There’s nothing like a hot insurance-based lawsuit to get the old heart ticking when it comes to news in Hollywood. But that is exactly what we have going on now. The Walt Disney Company is locked into litigation with Fireman’s Fund Insurance over who is on the hook for payments during different parts of the pandemic last year. Deadline has it that the two sides are at a standstill over agreeing on who is responsible for the second wave of shutdowns and that’s led to the insurance company suing the Mouse House.
All of this stems from claims put in by Disney, totaling around $10 million dollars, from the time period of late-2020 when the holiday-related second wave of the pandemic caused a number of different productions to shut down and delay. At the heart of the issue is what always gets caught up in the weeds around these particular issues: the language in the policy. Fireman’s claims they aren’t on the hook for any payments during this time period because the threat of the pandemic was no longer “imminent”. The insurance company sued for relief in this case.
Additionally, Fireman’s used another part of the policy language to contend they didn’t have to pony up any money to Disney when it came to this time period of shutdowns. Apparently, they referenced the industry-standard timeline around production that usually sends casts and crews home two weeks leading into the Christmas and New Year’s holidays. Their contention is that this time period would have been without production costs anyway, so paying for that time period doesn’t make any sense.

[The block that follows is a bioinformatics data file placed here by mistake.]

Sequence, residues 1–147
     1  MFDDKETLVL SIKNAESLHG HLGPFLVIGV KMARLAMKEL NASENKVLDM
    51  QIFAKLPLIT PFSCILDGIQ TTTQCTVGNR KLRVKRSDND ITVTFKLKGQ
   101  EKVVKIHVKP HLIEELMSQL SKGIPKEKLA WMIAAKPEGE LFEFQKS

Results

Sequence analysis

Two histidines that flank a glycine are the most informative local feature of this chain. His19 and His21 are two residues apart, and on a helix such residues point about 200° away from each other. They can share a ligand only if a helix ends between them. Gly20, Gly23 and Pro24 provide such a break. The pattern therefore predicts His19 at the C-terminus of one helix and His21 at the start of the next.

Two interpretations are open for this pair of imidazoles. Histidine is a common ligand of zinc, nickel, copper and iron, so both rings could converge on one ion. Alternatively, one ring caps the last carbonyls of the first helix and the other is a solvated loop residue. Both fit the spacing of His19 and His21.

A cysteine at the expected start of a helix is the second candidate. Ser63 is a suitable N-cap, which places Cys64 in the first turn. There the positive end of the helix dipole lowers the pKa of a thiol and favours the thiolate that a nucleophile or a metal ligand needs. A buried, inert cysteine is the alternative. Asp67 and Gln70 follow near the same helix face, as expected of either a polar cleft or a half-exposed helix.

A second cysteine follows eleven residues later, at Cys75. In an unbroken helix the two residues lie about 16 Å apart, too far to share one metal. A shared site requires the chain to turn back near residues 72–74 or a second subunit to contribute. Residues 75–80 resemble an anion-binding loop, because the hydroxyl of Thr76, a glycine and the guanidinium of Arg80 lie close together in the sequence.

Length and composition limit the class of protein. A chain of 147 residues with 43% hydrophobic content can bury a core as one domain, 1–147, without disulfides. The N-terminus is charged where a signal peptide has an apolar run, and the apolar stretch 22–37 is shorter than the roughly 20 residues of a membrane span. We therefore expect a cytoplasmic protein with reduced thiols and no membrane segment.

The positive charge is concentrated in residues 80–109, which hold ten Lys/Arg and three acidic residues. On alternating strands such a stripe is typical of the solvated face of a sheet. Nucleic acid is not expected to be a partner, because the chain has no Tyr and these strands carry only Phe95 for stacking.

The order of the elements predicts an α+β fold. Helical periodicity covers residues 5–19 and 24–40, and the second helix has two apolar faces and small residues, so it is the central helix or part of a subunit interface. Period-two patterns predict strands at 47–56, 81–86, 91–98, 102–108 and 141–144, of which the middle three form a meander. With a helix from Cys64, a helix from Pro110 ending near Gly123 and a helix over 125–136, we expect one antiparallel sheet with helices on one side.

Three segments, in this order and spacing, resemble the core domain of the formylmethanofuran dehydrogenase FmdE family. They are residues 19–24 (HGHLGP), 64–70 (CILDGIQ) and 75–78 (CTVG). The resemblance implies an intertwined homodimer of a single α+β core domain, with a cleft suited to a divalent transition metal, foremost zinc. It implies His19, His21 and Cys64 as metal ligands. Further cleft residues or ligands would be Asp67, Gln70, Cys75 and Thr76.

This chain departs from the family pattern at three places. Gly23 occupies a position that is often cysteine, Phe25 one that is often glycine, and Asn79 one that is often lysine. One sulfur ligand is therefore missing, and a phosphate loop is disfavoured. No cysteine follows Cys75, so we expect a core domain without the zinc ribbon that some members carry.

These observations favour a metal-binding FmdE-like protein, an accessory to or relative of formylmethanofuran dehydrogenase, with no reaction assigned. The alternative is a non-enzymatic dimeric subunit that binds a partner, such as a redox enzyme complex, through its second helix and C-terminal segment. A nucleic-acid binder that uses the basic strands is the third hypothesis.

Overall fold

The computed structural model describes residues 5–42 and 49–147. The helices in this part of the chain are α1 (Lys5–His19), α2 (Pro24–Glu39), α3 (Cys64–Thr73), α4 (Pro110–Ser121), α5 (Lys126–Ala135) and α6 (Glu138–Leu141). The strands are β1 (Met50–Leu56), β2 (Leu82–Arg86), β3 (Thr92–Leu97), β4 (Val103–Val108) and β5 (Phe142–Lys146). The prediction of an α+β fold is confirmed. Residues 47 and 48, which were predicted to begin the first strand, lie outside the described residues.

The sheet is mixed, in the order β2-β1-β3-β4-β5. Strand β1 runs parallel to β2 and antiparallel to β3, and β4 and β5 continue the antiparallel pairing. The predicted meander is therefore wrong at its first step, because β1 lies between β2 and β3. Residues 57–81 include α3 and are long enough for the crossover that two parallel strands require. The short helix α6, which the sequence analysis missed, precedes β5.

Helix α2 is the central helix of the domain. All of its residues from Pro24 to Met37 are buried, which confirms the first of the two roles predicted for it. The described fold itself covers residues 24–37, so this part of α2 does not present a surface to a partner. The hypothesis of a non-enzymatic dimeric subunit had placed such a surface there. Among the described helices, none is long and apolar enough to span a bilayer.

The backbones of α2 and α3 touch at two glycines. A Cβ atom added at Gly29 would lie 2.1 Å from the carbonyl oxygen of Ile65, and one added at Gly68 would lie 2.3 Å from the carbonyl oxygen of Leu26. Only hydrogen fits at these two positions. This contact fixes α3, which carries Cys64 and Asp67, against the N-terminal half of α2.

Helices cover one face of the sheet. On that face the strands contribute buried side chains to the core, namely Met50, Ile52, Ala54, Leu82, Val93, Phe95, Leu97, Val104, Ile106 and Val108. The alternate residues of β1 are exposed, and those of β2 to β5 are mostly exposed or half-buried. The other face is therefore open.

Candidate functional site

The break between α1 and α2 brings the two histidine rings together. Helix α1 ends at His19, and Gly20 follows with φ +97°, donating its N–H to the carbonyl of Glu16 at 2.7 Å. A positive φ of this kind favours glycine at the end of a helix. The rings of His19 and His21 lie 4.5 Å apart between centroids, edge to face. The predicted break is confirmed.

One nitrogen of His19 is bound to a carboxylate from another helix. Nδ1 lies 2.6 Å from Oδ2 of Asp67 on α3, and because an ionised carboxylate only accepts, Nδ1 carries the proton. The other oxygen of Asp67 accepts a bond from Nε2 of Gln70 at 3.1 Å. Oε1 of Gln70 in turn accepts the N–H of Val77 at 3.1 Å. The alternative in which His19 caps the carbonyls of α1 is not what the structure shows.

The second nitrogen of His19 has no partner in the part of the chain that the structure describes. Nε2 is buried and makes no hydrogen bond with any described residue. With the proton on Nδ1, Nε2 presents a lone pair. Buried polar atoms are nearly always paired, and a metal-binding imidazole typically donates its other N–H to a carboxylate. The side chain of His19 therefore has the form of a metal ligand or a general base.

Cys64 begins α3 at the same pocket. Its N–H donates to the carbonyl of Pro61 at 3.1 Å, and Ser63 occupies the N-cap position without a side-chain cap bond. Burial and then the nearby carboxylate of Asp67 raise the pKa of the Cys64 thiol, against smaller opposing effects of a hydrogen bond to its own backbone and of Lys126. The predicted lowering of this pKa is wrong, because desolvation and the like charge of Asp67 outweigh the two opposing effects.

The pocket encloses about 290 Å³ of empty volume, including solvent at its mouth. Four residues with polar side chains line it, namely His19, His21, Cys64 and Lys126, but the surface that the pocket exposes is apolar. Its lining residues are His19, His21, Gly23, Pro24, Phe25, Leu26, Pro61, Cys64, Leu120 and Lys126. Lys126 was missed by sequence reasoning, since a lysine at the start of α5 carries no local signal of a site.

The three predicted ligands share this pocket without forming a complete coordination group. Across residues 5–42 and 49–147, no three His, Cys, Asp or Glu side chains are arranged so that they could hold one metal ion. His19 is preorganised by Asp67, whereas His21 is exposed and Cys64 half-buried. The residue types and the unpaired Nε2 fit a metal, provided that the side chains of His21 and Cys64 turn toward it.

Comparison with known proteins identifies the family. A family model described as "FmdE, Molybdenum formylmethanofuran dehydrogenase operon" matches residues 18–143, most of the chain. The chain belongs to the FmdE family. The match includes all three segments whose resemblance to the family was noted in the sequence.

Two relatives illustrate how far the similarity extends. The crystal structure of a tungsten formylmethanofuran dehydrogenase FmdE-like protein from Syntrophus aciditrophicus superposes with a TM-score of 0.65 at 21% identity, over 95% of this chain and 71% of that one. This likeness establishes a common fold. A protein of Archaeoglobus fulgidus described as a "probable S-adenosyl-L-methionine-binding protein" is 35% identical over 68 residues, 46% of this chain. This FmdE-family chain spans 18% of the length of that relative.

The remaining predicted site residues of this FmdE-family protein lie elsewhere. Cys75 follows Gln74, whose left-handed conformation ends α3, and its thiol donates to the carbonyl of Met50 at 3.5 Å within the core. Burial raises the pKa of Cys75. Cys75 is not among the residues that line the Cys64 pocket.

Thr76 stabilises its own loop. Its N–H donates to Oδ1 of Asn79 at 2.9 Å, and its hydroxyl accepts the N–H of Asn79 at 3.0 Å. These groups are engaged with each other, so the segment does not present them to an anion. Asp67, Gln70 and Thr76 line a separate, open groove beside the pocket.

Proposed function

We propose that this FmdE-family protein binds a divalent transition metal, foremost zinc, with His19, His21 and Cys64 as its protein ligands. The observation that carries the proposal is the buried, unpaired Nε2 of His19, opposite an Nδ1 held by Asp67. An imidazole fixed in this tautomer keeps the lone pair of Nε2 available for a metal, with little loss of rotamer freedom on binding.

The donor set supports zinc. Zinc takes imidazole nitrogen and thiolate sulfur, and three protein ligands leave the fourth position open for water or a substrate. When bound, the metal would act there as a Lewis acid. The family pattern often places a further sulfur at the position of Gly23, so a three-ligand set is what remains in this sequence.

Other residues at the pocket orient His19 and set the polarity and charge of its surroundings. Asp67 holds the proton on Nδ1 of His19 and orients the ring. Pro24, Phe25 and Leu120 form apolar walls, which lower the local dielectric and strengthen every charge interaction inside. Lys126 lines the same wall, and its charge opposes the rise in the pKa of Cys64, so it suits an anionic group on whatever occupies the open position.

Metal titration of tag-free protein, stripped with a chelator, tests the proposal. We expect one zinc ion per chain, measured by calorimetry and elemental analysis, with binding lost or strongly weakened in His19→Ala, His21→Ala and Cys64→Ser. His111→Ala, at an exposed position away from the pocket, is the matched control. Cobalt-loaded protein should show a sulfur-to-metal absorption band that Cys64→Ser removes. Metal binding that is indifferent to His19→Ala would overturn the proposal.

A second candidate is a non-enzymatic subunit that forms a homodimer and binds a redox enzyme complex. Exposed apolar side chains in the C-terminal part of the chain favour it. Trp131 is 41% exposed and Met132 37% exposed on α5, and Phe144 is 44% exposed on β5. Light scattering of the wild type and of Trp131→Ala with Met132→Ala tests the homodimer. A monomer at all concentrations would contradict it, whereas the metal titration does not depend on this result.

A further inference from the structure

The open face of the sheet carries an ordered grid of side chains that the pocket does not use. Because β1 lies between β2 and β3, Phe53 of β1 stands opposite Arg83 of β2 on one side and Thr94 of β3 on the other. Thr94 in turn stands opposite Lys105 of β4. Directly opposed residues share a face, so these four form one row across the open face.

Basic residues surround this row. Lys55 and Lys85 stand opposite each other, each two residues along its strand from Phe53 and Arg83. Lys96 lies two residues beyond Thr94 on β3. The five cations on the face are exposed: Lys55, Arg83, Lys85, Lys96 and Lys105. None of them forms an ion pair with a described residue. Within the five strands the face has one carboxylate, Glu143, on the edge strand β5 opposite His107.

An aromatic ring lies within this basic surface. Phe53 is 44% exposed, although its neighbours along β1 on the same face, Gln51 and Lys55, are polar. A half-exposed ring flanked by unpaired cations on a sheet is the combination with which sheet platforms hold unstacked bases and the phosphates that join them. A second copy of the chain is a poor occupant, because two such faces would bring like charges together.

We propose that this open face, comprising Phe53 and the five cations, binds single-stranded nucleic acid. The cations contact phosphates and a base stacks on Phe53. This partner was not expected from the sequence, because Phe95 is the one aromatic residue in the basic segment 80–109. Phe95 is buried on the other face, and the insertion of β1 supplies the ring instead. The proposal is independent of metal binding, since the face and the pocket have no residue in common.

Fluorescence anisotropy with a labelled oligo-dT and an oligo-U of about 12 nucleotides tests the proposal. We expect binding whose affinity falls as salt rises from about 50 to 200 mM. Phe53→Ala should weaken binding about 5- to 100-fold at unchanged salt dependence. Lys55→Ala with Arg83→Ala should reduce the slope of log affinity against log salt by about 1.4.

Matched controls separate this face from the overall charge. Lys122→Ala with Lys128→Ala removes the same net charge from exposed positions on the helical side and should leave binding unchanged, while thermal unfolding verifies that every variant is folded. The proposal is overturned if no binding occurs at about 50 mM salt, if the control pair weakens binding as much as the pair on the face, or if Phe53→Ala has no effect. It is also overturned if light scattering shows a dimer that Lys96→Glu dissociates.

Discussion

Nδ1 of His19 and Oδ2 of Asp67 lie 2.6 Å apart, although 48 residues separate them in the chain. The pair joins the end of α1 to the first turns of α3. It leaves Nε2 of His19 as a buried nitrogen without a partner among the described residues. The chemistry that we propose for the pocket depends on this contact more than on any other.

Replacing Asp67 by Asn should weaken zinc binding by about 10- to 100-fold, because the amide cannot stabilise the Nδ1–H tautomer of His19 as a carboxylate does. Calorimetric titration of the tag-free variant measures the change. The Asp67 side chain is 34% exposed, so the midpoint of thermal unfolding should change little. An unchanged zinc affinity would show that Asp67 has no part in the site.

And then there’s another part of the policy language that is being disputed. Fireman’s says that because the shutdowns, specifically in California, were due to local governments and authorities implementing rules around testing, distancing, and quarantining, that falls outside the realm of the coverage. They contend that those rules that stopped a variety of Disney productions weren’t actually pandemic-related but rather government-related. It’s an odd distinction, though if it’s upheld we could then see Disney sue local civil authorities for compensation if the rules were too stringent. This could end up being a fascinating series of litigious events.
Anyone who’s ever dealt with an insurance claim is probably looking at this situation and grimacing at the notion of an insurance company diving deep into the policy to find language that will get them out of paying here. Whether it works remains to be seen. It’s not entirely clear which Disney productions are being referenced in this standoff with Firemen’s, but there’s a sense that this case could be the first domino in what might be years-long battles between studios (and other companies) and insurance companies about who is on the hook for pandemic-related loss of business.
Over the last year, Disney has been forced to push back a number of different productions because of the pandemic. Black Widow is coming out this week, more than a year off schedule and there have been many others as well like Cruella, Shang-Chi and the Legend of the Ten Rings, Free Guy, Jungle Cruise, and more.